Having disclosed my invention, what I claim is:

1. A composition particularly adapted for use at elevated temperatures in making carbon-free furnace-brazed metallic joints, said composition comprising essentially: (A) a carrier which is a gel of organic material, said carrier having a Conradson residue below about 0.5%; (B) inorganic oxidizing agent having a melting point above about 200 C. and capable of oxidizing carbon by reaction and decomposition at higher temperatures, said oxidizing agent being further selected from the group consisting of the alkali-metal nitrates, nitrites and peroxides and the alkaliearth-metal nitrates and peroxides, and being present in an amount proportional to at least 4 parts thereof by weight for each part of carbon in said Conradson residue, but not substantially in excess of the amount thereof required to scavenge by oxidation all carbon which would be deposited by said carrier in a furnace-brazing operation in the absence of the oxidizing agent; and (C) finely-divided solid material adapted to yield at the brazing temperature a molten brazing metal, said material being selected from the group consisting of metal powders and reducible oxidic compounds of brazing metals; said brazing-metal-yielding material and said oxidizing agent being uniformly dispersed in a sufiicient amount of said carrier to provide a smooth paste.

2. A composition as claimed in claim 1, wherein said carrier includes organic film-forming material.

3. A composition as claimed in claim 2 wherein the carrier has a Conradson residue below about 0.25% and is composed of synthetic polymeric hydrocarbon materials which are heat depolymerizable.

4. A composition as claimed in claim 1 wherein 12 the carrier has a Conradson residue below about 0.25% and is composed of synthetic polymeric hydrocarbon materials which are heat depolymerizable.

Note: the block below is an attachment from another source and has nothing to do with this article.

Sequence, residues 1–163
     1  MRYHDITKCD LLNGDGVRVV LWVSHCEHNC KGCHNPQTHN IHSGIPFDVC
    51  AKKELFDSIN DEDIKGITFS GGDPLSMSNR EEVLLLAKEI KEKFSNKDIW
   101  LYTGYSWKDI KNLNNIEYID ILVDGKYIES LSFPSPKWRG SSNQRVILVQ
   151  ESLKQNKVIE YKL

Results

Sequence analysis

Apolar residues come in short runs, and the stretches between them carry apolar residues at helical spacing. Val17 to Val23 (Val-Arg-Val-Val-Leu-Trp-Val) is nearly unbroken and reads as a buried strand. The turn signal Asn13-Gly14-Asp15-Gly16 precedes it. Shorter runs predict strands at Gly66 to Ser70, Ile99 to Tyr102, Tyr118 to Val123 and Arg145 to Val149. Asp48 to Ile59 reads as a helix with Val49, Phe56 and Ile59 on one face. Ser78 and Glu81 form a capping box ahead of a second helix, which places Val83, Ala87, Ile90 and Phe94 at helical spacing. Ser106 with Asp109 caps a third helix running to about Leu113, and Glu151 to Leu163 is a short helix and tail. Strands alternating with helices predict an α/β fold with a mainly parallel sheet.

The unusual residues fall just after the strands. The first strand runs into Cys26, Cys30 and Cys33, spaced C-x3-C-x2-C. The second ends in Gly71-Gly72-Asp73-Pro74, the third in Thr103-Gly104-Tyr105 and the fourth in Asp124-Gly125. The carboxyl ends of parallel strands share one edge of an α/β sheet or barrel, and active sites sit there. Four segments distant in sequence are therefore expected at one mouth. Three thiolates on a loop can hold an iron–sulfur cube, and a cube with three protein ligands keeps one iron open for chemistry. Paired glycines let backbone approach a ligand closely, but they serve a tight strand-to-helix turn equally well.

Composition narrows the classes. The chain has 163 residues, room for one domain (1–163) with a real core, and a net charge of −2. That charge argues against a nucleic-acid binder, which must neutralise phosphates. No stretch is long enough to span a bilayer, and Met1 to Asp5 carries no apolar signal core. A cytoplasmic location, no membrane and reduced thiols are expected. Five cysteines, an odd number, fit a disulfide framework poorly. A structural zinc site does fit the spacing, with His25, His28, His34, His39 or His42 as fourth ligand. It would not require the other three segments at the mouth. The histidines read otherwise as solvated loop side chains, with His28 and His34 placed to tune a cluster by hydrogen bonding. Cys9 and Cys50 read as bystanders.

5. A composition as claimed in claim 1 wherein said carrier is an aqueous gel.

6. A composition as claimed in claim 5 wherein the carrier is an aqueous gel of hydrolyzed starch.

7. A composition as claimed in claim 5 Where in the carrier is an aqueous gel of methyl cellulose.

8. A composition as claimed in claim 5 which includes a water-soluble organic antifreeze.

9. A composition as claimed in claim 8 wherein the antifreeze is ethylene glycol.

10. A composition particularly adapted for use at elevated temperatures in making carbon-free furnace-brazed metallic joints, said composition comprising essentially: (A) a carrier which is a gel of organic material, said carrier having a Conradson residue below about 0.5%; (B) inorganic oxidizing agent having a melting point above about 200 C. and capable of oxidizing carbon by reaction and decomposition at higher temperatures, said oxidizing agent being further selected from the group consisting of the alkali-metal nitrates, nitrites and peroxides and the alkali-earth-metal nitrates and peroxides, and being present in an amount proportional to at least 4 parts thereof by weight for each part of carbon in said Conradson residue, but not substantially in excess of the amount thereof required to scavenge by oxidation all carbon which would be deposited by said carrier in a furnacebrazing operation in the absence of the oxidizing agent; (C) finely-divided solid material adapted to yield at the brazing temperature a molten brazing metal, said material being selected from the group consisting of metal powders and reducible oxidic compounds of brazing metals; and (D) a small amount of flux which is substantially non-volatile at temperatures below the intended brazing temperature; said brazing-metal-yielding material, said oxidizing agent and said flux being uniformly dispersed in a sufficient amount of said carrier to provide a smooth paste.

11. A composition as claimed in claim 10, wherein the carrier includes organic film-forming material.